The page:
LAWRENCE | Some sentiments are contagious; enthusiasm isn’t necessarily one of them.It takes more than a cheerleader’s demeanor to arouse some rowdy playfulness in a crowd. Josh Ritter has both things going for him: the beaming smile of a teenager who just got his first car, and the kind of songs that can turn a crowd into a joyous, beer-buzzed choir.
Ritter drew a near sell-out crowd — about 1,100 fans — Friday night at Liberty Hall in Lawrence. It was by far his biggest audience in Lawrence, a place he knows so well he wrote a song about it.
Some of the credit for the crowd's size goes to the opener. Scott Hutchison delivered a 40-minute solo-acoustic set that included plenty of songs by Frightened Rabbit, the band he fronts, including “My Backwards Walk” and “Heads Roll Off.” The highlight: “Poke,” a savage breakup song that he performed unamplified, away from the microphones, to a stilled theater.
Ritter served up a two-hour joyride through a discography that goes back 12 years and comprises six studio albums. He played nearly two dozen songs, including two covers: a solo/acoustic version of the Velvet Undergounds’ “Pale Blue Eyes” and, with Hutchison, a ragged version of the Everly Brothers’ “Stories We Could Tell.”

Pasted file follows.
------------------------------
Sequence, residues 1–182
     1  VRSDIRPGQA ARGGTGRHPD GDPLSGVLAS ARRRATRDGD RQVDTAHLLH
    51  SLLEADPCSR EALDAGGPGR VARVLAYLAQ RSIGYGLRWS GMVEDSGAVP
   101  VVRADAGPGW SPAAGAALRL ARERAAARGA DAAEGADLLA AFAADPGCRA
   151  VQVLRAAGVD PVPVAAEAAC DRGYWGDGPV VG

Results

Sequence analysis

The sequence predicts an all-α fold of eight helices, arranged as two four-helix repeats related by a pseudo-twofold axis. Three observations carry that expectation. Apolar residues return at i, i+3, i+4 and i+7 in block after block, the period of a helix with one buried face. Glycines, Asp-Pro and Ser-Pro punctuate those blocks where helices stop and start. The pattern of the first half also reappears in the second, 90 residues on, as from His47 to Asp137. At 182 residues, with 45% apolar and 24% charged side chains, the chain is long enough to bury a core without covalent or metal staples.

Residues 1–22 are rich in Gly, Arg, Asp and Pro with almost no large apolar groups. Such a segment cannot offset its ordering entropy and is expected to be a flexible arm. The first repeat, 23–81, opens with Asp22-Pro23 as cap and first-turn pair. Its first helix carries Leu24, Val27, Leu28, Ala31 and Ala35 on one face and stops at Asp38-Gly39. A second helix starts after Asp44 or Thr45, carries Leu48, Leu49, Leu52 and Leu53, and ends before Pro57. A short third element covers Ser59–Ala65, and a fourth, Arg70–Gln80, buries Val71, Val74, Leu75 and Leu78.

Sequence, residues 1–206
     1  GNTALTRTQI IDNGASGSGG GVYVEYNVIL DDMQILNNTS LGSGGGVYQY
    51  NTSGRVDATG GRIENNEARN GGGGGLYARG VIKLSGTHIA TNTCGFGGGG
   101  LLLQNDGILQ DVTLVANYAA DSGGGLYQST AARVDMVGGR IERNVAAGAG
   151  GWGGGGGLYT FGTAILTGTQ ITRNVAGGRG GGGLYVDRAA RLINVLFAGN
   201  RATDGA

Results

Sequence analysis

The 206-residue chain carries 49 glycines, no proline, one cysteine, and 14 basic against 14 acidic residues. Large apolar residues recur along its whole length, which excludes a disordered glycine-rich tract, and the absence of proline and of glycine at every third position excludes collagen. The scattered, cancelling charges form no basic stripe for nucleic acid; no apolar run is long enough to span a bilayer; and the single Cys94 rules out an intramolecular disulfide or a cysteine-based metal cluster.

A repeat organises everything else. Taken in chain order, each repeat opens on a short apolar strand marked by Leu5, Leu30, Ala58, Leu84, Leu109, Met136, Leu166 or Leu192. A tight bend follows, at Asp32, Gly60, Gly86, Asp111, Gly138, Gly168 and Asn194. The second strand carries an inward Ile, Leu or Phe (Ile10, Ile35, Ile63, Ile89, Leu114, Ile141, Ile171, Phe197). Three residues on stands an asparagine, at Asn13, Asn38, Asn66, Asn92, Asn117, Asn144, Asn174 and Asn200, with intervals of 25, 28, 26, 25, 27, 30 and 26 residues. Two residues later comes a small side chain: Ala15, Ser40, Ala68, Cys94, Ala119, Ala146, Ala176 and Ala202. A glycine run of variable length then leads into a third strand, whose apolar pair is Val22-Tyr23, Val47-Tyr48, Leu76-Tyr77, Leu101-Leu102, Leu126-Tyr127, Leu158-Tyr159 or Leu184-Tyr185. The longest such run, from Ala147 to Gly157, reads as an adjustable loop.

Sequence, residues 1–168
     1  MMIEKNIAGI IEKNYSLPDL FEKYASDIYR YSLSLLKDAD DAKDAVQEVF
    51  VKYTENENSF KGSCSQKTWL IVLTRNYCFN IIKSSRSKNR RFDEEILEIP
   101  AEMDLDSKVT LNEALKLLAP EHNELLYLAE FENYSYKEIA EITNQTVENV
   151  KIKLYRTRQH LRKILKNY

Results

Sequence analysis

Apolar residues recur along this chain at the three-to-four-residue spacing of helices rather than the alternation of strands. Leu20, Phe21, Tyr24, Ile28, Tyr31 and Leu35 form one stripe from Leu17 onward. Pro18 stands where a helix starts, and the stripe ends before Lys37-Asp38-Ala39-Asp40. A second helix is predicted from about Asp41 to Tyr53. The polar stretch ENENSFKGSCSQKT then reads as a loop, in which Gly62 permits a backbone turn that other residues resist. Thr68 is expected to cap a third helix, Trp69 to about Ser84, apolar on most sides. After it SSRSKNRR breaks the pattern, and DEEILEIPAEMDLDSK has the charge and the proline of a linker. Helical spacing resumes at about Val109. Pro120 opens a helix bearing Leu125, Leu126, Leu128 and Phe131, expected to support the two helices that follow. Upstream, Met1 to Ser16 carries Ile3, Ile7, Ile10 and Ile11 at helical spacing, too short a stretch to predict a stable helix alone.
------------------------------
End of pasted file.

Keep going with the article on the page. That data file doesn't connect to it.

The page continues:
Ritter is a crafty and accomplished songwriter, in several veins: John Prine, Patty Griffin, Conor Oberst, David Gray and, as a friend pointed out after the show, a young Steve Forbert.
His studio albums show off Ritter’s lyrical gifts, but not the kind of vibe he can stir up live, with a crack four-piece band. It’s the kind of vibe you get from Springsteen or Jesse Malin, one that arouses a tide of energy and exuberance that sweeps the room. Resistance is difficult, if not futile. It’s like trying not to get wet while white-water rafting.
That mood was altered by several slower, acoustic numbers, like the lovely and loping “Southern Pacifica” and “Change of Time” (which included some artful audience participation) and by the three-song solo/acoustic set toward the middle of the show.
Those moments set up the bigger, more dynamic songs, like the jaunty country/blues tune “Lillian, Egypt” and the rollicking closer, “To The Dogs (Or Whoever),” which gallops to a tempo that recalls John Denver’s “Thank God I’m a Country Boy.”
It was all as well-orchestrated as it was well-executed. Throughout most of it, but especially on those meatier anthems, Ritter beamed like a man who knows he’s blessed to be doing what he loves most and to be doing it so well.
Josh Ritter set list:
Every Time I See Your Face; Good Man; Lillian, Egypt; Southern Pacifica; Folk Bloodbath; Empty Hearts; Snow Is Gone; Real Long Distance; Rattling Locks; Harrisburg; The Curse; You Don’t Make It Easy, Babe; Galahad; Thin Blue Flame; Pale Blue Eyes; Rumors; Right Moves; Kathleen; Lantern; Change of Time. Encore: Lawrence, KS (Leave This World Behind); Stories We Could Tell; To The Dogs (or Whoever).